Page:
Following the President’s visit, with Cape Wind lurking in the subtext, and perhaps unfettered by the ghost of Ted Kennedy, Rep. Markey surprised us all yesterday when it was revealed he wrote a letter to Secretary Salazar pushing for approval of Cape Wind over the complaints of the Wampanoags. How is it surprising that Markey, author of the House climate change bill, supports Cape Wind, you ask? Markey has been a fun character in the Cape Wind saga for years now, and has been cited as the most stubborn waffler on the issue. He was the target of petitions, protests and radio ads, but he never waivered in his non-position, despite his key role in shaping this great country’s energy future. To put it another way, there may have been some champagne uncorked over at Clean Power Now and the IBEW.
We’ll have to wait see what happens next, but don’t hold your breath – this could still take awhile to unravel.
September 15th, 2009 by Daniel Coffin
Cape Wind has been all over the news in the last several weeks, and here I’ll do my best to briefly summarize them in order, starting with Obama’s Vineyard vacation, three weeks ago.
Obama arrived on Martha’s Vineyard Sunday via Marine One, and we only know this because of reports out of the White House. Not surprisingly, Obama made no mention of Cape Wind in between golf rounds, but there was plenty abuzz. Both the Alliance and Clean Power Now made it into a front page story in the LA Times which portrayed the delays for Cape Wind as bureaucratic lolly-gagging at the federal level. As opponents to the project would counter, there’s still a lot of questions to be answered. Anyhow, the piece is a great brush up on the Cape Wind state of affairs.
I mention the LA Times story first because it was written prior to the untimely passing of Massachusetts senior Senator Ted Kennedy. Kennedy’s legacy of fighting for Massachusetts, civil rights, women and the poor might never be matched, and his passing punctuates the painful vacuum of civility in our current discourse over healthcare. With regards to Cape Wind, his absence from the debate means as much as his opposition has over the last seven years. As the most outspoken political opponent of the project and as the whip which brought many of the state’s legislators in line with him, Kennedy’s departure opens the door for new voices in the political arena to take a leadership role in the battle, whether for or against Cape Wind. Based on comments by Kennedy’s nephew, Robert Kennedy, Jr., (starts around the 16 minute mark) last week, it looks like he’s poised to take that mantle on the opposition side.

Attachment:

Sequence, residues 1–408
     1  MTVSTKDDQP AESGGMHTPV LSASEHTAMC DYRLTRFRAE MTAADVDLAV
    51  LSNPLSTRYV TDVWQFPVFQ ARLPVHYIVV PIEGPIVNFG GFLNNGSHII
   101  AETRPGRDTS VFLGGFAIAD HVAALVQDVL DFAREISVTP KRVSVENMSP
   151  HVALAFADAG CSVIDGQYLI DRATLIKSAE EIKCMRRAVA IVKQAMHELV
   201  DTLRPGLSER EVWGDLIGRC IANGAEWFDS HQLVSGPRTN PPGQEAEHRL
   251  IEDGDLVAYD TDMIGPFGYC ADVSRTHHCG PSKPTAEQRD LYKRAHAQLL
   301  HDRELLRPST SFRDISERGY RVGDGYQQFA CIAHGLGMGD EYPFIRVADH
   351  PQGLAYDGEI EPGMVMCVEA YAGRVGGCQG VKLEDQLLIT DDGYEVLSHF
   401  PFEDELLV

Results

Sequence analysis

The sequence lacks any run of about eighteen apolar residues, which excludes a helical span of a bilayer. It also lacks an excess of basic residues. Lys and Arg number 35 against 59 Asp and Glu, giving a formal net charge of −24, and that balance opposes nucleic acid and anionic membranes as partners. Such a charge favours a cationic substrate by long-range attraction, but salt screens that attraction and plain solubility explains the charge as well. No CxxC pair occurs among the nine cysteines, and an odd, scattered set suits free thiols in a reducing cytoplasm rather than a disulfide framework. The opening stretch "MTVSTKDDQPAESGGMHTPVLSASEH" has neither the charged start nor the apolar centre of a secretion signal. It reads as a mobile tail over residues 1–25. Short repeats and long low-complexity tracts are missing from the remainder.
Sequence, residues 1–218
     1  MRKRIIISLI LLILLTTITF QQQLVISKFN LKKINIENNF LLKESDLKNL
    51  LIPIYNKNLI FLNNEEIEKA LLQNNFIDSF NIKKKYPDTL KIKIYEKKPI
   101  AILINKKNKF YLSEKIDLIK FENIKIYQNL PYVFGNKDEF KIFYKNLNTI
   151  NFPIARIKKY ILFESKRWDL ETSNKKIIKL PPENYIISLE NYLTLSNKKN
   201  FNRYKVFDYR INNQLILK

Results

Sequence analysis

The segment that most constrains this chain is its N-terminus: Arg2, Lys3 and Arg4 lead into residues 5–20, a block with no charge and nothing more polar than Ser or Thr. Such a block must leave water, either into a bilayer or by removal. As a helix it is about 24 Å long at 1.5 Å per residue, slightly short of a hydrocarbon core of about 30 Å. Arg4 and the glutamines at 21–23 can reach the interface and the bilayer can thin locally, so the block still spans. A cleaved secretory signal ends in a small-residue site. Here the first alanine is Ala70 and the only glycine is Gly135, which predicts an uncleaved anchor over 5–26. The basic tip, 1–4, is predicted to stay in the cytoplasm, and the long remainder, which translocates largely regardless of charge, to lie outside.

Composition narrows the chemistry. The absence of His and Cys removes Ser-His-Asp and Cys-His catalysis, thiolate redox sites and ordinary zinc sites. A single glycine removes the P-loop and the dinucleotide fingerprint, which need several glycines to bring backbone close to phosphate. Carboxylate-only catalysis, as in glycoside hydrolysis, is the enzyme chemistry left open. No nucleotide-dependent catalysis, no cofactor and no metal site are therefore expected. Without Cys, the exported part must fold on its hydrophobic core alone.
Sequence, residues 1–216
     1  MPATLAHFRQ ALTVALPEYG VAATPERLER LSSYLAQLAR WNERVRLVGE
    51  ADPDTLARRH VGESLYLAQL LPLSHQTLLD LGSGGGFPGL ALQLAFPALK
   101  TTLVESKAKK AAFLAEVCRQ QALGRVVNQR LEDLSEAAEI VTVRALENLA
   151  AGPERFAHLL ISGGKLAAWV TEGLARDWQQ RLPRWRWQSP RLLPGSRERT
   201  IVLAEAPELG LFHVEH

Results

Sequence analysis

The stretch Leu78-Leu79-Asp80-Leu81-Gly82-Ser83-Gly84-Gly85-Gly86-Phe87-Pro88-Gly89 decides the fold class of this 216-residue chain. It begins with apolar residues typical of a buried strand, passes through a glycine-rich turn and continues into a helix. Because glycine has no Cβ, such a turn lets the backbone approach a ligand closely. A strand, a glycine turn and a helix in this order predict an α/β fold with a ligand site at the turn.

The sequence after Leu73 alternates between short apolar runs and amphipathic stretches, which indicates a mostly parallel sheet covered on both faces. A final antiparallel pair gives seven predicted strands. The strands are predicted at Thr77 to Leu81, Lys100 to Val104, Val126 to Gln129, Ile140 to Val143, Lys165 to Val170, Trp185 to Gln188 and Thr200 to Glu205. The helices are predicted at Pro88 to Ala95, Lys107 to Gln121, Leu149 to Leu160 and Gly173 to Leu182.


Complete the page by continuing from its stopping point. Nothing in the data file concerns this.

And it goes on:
The media is certainly playing the story up. I recommend checking out this hard-hitting, if not brassy, editorial in the Boston Globe on the day of Kennedy’s burial and a thorough Cape Cod Times story here.
Later the same week, Greenpeace showed up on the scene. I was filming some BRoll of the beautiful common at the shoreline of Oak Bluffs when I noticed some people handing out fliers to passers-by. Turned out, Greenpeace made a mock Martha’s Vineyard Times set in 2029 with one side praising Obama for approving Cape Wind and another side showing people putting up levees on the shoreline to combat rising seas. Later that day they went over to the marina and released the contraption in the photo below. As usual, there were a lot of raised eyebrows and plenty of explaining to people, all of which made for great film.
Later that day I stopped by the press pool which had taken over the auditorium of the Oak Bluffs School to see what was happening. Much to my chagrin, it was just a whole bunch of people plucking at laptops and milling around. Apparently when the President is on vacation, there’s not much for the press corps to do but wait.
They’ve certainly been busy since then, and I’ll follow up with another post in a few.